Crime doesn’t pay, and university misconduct really doesn’t either. Any misconduct can potentially have serious consequences both while you are here and after you finish your degree.
It could result in automatic failure of your course, suspension from UNSW, and even expulsion in certain cases; and many professional bodies now ask you to disclose about issues related to your character. Do you really want to have to tell the Legal Profession Admission Board that you forged a transcript or copied someone else’s work to get your degree?
It’s also important to know that there isn’t any reference to the allegation or outcome on your transcript, but your mark for the course appears. So if you end up with a zero for cheating in an exam, that might be hard to explain... And your name will be placed on a Misconduct Register which, although only used for internal purposes, means that UNSW does keep track of serial offenders.
What is it?
Misconduct is more than just plagiarism. It's not restricted to academic work at all, and can extend to off campus behaviour as well:
- Submitting the same assignment twice (for different subjects)
- Unauthorised materials in an exam room
- Forging documents
- Threatening, harassing or intimidating behaviour (to staff or other students)
- Illegal downloading
Remember that the university is a community and your behaviour is governed by the UNSW Student Code as a condition of enrolment. Your main obligations are to:
- Act with integrity in academic work, to ensure that all academic work is conducted ethically and safely
- Observe standards of equity and respect in dealing with staff and peers
- Use and care for University resources lawfully and appropriately
- Not diminish the University's reputation
There is no exhaustive list of what misconduct is, and penalties are just as varied:
- Formal reprimand or formal warning
- Reduction in marks
- Failure in the course
- Suspension or exclusion from UNSW
- Delay graduation
- A fine
Check out UNSW's Student Misconduct Procedure Appendix B for examples of misconduct and descriptions of the potential penalties.
What can happen?
If you are accused of misconduct you should be informed in writing (by email), given details of the allegation and a chance to respond. You always have the right to get advice before replying to an allegation so contact Legal & Advocacy. We can take you through the procedure, explain the best course of action for you to take and, in some cases, advocate on your behalf to the university (this is a free service for all Arc members).
Note: If it’s a plagiarism case, please ask for a copy of the Turnitin report as soon as you get the allegation notice, it will make life so much easier for everyone involved.
Meetings are your opportunity to explain what happened (and deny the allegation where it just isn’t true) and offer any mitigating circumstances. Mitigating circumstances like poor health, personal issues or a death in the family aren’t excuses but may help to explain to an investigator what was happening in your life at the time when the misconduct occurred.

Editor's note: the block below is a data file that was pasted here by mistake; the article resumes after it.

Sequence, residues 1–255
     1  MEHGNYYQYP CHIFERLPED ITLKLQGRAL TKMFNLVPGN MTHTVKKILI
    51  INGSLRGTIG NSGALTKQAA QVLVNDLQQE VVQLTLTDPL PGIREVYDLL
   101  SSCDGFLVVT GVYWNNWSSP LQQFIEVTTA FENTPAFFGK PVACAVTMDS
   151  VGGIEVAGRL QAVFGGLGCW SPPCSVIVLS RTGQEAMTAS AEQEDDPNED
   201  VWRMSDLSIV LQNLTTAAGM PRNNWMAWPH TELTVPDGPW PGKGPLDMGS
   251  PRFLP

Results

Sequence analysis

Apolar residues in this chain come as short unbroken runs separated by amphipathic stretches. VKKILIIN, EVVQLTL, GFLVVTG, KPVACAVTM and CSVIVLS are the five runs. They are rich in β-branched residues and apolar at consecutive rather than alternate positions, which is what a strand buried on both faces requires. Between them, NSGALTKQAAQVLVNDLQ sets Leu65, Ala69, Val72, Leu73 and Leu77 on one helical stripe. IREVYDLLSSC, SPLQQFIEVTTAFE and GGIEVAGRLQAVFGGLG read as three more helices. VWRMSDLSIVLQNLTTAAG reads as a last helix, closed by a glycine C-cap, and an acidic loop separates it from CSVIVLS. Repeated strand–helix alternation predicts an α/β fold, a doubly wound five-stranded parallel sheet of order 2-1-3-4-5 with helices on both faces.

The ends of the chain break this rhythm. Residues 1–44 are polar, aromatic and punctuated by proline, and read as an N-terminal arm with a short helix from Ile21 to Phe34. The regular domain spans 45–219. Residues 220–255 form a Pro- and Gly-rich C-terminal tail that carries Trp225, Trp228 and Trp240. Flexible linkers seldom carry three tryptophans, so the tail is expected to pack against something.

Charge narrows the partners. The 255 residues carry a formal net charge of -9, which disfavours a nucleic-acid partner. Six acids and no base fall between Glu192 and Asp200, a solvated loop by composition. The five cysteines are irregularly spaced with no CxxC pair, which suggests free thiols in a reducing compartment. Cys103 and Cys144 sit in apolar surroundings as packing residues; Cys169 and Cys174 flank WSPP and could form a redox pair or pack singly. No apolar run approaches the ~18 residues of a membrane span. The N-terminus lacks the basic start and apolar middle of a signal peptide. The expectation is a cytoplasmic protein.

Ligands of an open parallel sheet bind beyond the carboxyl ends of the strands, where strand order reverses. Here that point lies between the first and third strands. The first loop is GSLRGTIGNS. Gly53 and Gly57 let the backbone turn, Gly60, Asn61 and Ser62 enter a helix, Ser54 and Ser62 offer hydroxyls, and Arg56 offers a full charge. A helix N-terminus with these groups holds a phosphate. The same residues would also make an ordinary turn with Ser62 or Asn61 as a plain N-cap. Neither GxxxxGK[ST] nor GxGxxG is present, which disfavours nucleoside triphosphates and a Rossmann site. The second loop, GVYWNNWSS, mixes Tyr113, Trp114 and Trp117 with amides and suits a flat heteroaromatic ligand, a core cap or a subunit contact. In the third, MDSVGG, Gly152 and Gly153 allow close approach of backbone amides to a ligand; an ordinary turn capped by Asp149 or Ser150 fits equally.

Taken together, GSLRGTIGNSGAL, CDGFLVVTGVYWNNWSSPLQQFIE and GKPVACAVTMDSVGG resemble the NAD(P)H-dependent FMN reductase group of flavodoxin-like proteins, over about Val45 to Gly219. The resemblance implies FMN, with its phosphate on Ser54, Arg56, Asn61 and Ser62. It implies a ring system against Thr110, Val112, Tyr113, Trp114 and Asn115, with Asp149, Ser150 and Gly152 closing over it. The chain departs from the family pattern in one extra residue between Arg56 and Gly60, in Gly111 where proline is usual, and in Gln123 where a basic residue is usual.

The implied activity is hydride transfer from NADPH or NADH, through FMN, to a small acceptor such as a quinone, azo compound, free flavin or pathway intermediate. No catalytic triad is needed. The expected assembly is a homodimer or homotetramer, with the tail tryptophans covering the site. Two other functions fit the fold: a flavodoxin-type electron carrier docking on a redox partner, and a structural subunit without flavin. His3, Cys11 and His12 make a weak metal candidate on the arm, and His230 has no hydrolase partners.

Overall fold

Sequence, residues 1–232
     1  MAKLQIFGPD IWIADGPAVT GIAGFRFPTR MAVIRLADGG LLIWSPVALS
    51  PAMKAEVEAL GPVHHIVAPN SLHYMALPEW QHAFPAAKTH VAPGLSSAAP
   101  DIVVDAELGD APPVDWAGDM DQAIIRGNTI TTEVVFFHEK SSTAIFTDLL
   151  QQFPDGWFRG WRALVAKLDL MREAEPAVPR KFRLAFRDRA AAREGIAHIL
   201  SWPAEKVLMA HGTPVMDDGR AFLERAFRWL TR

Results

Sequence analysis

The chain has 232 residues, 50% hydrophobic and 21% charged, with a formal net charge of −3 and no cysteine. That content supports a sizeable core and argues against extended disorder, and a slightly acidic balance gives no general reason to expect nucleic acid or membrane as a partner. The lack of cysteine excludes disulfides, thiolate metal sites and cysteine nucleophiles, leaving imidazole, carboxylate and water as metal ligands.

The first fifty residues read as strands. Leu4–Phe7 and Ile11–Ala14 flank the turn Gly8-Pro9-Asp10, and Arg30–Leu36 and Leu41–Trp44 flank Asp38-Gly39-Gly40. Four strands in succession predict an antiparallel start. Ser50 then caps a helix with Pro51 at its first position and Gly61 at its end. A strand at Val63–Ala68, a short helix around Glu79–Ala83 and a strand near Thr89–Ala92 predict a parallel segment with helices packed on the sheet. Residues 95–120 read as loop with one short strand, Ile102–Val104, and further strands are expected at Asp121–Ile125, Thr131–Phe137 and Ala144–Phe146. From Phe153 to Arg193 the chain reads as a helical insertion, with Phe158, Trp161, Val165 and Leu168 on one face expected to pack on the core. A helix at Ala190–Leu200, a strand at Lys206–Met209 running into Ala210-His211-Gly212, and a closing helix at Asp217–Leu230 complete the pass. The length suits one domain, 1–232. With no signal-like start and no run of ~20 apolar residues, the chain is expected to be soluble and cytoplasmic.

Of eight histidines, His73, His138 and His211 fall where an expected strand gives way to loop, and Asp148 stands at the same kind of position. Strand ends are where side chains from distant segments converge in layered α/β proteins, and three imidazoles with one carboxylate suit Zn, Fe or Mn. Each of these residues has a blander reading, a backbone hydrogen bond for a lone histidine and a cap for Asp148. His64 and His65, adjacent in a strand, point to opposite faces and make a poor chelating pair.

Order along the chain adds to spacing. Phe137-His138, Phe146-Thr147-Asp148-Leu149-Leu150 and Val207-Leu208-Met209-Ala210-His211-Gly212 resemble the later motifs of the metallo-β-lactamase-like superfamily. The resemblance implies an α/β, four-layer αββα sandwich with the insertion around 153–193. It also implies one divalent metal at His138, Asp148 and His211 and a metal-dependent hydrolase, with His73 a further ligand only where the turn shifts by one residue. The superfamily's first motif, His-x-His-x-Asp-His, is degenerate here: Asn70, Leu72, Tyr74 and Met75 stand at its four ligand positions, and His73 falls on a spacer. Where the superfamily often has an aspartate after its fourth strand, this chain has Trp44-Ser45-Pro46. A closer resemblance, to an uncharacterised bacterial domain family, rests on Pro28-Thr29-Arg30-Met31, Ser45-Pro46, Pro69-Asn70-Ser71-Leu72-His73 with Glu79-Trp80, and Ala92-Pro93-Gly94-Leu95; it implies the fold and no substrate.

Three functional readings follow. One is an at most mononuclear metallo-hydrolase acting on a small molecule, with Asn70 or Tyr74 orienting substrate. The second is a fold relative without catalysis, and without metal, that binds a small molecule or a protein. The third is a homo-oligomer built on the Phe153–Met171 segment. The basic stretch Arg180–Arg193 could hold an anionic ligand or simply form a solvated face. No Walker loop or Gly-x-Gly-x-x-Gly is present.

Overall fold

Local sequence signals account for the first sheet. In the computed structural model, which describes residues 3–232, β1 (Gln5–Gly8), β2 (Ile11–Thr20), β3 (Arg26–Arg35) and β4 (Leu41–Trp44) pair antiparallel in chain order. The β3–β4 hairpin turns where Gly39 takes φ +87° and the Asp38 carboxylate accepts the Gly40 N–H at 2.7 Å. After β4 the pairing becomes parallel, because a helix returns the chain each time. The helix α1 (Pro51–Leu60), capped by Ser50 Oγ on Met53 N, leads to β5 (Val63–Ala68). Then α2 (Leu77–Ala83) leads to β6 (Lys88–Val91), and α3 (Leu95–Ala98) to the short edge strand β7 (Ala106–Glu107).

Everyone makes mistakes and sometimes you just have to ‘fess up and take the consequences. If you did in fact do what UNSW thinks you did, the investigator will appreciate you admitting wrongdoing and apologising, instead of wasting time with far-fetched stories.
Please don’t ignore emails from UNSW – it won’t make the situation go away. If you don’t respond, the investigator will just decide the allegation and impose a penalty without you.
Remember you have the right to bring a support person to any meeting you have, so if you don’t want to tell your parents or ask a friend to go with you, please contact L&A (note: while we encourage you to be honest with your parents, please leave them at home. Parents + Meetings = Bad outcomes).
And when it’s all said and done we can also take you through the appeals (procedural review) process if you think that the investigation was unfair (you can only appeal on the basis of procedural fairness, e.g. bias, lack of evidence, no opportunity to present your side).
- Treat your fellow students and staff with respect. There’s a difference between free speech and being plain hurtful or harassing people
- Leave the mobile phone under your chair during exams
- Don’t write anything on your hand or anywhere else on your body as a “study tool”
- Double check all your assignments for proper referencing
- Don’t use Uniwide to download movies!
- Think about what you post on social networking sites
- Don’t self-help by cheating. If you’re struggling with stress, seek appropriate help (the Learning Centre and CAPS are great supports and access is free for UNSW students)
- Open (AND READ) UNSW emails!
Phone: (02) 9385 8515
Need more information?
If you'd like to get in touch with Arc Legal & Advocacy, you can send us an email or contact Arc Reception to book an appointment with us.